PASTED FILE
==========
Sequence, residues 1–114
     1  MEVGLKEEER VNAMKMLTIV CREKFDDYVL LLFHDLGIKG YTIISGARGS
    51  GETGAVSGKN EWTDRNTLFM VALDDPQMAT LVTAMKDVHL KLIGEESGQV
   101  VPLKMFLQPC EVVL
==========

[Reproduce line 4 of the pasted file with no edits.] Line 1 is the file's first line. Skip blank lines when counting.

   101  VPLKMFLQPC EVVL